If you rent out a property, then you really should take out insurance to cover you should something go wrong.
What if your rented property was flooded? Would you be able to afford to repair the damage and find alternative accommodation for your tenants? Or what if your tenant stopped paying the rent? If you rely on your rental income to meet your mortgage repayments, you could end up in a serious financial mess.
If you let a property but just take out standard insurance in your name, there is a very big chance the insurance company will refuse to pay any claim and therefore you will be out of pocket. You need insurance that is specially designed for landlords.
There are a lot of insurance companies that specialise in landlord and tenant insurance. The extent of the cover varies, so it is very important to compare policies carefully and remember the cheapest is not necessarily the best.
A good policy will insure the building, landlord liability and loss of rent. You can also take out extra cover for contents, home emergency, rent guarantee and legal protection.
Your rental property is a very valuable asset, so unless you have pots of cash, you would be crazy not to take out buildings insurance to cover the structure of the building, plus any fixtures and fittings, should they be damaged by a variety of risks such as fire, flood and storm.
If you have a mortgage on the property, your mortgage provider might insist on appropriate buildings insurance as a condition of the mortgage.
Check the sum insured (the maximum amount you can claim should the property be completely destroyed) is right, if it is too small, you risk a shortfall in the event of a claim and if it’s too much, then you maybe paying too much in premiums.
The sum insured should reflect the rebuild cost of the property and not the market value should it be sold. If needs be, arrange for a surveyor/professional to assess the rebuild cost or the insurer should be able to make an estimate based on a few factors such as age, type of property.
There are insurance companies that offer unlimited cover, therefore you will not need to worry about working out a realistic rebuild value.
If you let your property furnished, then this policy is a must. Make sure the policy insures your belongings on a new-for-old basis, consider adding accidental damage cover and choose a realistic sum insured based on the value of the contents.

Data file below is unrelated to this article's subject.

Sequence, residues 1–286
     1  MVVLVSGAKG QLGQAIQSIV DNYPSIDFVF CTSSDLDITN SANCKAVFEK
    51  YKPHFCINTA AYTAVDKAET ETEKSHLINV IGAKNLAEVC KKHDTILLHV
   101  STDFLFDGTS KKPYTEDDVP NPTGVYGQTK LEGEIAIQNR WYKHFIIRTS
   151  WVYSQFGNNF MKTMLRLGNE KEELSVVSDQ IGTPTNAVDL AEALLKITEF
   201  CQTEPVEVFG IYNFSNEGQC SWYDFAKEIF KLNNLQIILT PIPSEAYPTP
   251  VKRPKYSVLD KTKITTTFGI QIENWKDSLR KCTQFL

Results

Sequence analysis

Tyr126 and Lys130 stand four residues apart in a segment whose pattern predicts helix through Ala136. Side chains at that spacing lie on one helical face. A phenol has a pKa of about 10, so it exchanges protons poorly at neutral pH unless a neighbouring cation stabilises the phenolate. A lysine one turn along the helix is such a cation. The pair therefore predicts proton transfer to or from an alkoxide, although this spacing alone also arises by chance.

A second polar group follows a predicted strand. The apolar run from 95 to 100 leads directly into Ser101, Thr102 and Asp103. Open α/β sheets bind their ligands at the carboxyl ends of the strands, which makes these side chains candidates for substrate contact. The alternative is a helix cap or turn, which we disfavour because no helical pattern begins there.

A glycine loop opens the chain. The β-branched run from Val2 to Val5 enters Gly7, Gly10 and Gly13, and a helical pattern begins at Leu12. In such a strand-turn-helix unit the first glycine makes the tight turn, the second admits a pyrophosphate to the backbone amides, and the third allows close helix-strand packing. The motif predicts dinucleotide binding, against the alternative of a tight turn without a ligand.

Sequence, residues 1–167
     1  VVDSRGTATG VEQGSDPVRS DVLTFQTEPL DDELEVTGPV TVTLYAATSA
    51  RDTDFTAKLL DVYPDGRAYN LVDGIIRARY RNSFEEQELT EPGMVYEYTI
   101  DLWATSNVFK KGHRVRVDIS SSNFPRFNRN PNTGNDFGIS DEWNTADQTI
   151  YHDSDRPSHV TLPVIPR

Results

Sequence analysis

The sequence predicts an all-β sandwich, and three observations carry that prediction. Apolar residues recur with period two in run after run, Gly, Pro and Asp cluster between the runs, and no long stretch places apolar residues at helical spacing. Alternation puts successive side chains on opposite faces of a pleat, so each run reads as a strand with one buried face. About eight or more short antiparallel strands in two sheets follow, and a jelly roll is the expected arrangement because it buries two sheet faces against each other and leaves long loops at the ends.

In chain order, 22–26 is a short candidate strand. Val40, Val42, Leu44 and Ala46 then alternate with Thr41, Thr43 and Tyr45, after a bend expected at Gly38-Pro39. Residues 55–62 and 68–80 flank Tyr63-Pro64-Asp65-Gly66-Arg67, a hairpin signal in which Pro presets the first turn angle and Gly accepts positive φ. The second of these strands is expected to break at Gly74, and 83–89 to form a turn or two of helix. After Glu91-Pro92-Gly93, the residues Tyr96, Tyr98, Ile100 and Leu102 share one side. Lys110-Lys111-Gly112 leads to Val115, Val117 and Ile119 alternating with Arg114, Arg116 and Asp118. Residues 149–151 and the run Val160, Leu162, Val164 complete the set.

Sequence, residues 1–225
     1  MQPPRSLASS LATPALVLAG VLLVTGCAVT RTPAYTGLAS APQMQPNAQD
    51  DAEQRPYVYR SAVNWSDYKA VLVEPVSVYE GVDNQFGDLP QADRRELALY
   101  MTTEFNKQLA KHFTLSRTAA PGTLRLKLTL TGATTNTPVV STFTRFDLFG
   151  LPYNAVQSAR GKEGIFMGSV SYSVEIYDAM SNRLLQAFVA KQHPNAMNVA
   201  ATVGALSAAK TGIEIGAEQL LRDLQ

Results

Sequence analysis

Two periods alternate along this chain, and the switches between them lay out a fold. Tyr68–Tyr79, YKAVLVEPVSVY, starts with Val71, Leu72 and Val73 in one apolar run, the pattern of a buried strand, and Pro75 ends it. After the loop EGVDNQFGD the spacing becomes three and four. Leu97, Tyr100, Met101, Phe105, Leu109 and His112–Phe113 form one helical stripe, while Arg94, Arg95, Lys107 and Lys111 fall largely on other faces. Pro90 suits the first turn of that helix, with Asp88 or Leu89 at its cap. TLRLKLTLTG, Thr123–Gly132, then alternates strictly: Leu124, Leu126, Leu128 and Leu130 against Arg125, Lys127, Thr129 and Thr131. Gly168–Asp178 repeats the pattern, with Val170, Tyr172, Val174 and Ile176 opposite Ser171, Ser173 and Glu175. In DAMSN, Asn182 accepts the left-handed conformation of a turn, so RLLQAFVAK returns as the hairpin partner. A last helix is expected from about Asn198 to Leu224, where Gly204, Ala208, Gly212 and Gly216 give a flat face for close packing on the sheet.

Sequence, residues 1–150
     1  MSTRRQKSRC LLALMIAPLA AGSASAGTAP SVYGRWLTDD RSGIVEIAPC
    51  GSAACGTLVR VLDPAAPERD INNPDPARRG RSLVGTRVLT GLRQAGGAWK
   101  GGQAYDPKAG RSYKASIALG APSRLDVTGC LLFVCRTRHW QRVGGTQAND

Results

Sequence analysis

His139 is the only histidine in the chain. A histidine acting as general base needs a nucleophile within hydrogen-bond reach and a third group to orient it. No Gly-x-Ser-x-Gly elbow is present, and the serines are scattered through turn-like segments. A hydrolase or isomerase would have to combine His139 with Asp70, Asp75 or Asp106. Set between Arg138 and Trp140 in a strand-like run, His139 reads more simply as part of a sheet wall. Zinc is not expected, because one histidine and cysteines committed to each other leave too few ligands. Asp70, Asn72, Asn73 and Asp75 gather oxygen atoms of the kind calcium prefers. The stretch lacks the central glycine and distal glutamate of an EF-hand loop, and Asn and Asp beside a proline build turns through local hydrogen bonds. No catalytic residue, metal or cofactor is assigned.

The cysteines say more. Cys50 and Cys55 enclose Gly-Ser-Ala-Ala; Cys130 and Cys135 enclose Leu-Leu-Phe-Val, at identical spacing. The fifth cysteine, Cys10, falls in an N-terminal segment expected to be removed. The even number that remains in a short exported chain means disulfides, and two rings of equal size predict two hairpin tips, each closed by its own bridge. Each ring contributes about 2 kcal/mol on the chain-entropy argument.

Even if you let your property unfurnished, you should still consider contents cover. You might want to cover floorings, curtains, light fittings, kitchen appliances, so a small amount of cover would give you peace of mind. Remember the tenants are responsible for insuring their own possessions, so do not include them in your calculations.
Tenants are becoming more and more legally clued up, so you need to be aware of your legal liabilities. For example, if a tenant was injured by faulty wiring or tripped on frayed carpet and fell down the stairs, they could sue for damages. You might also be in trouble if you damaged another person’s property or a contractor was involved in an accident while working at the rented accommodation. Damage claims can be costly, but most landlord insurance policies offer liability cover up to £2m, should you end up in court.
This is one of the most under rated insurance policies. If your tenant stopped paying their rent, you have the right to legally evict them for non-payment of rent, however you do need to follow the correct legal procedure. This can be lengthy and very costly. Not only will you be losing your rental income, you will have to pay court costs, solicitors fee and possibly bailiffs fees.
Rent Guarantee insurance will cover the rent (up to a certain amount for an agreed period) and this usually includes the legal expenses insurance, therefore you won’t have to pay the legal costs and will offer you a financial lifeline for a fraction of the cost.
Buildings insurance policies often cover damage by a tenant, just in case your tenant decides to go crazy and cause damage to the property. Many insurers will also offer glass, lock and key replacement cover as standard.
Loss of Rent
It is a very good idea to choose a landlord insurance policy that covers loss of rent. If the property was to become uninhabitable after damage from a fire or flood, you could then make a claim. Some policies also cover the cost of alternative accommodation for your tenants if they have to move out of the property, although there will be a limit to the maximum you can claim.
Hopefully, this guide will give you a good insight into what insurance policies are available to you as a landlord.
Should you wish to find out any further information on any of the above policies, please either send an email to email@example.com or give us a call on 01243 788257.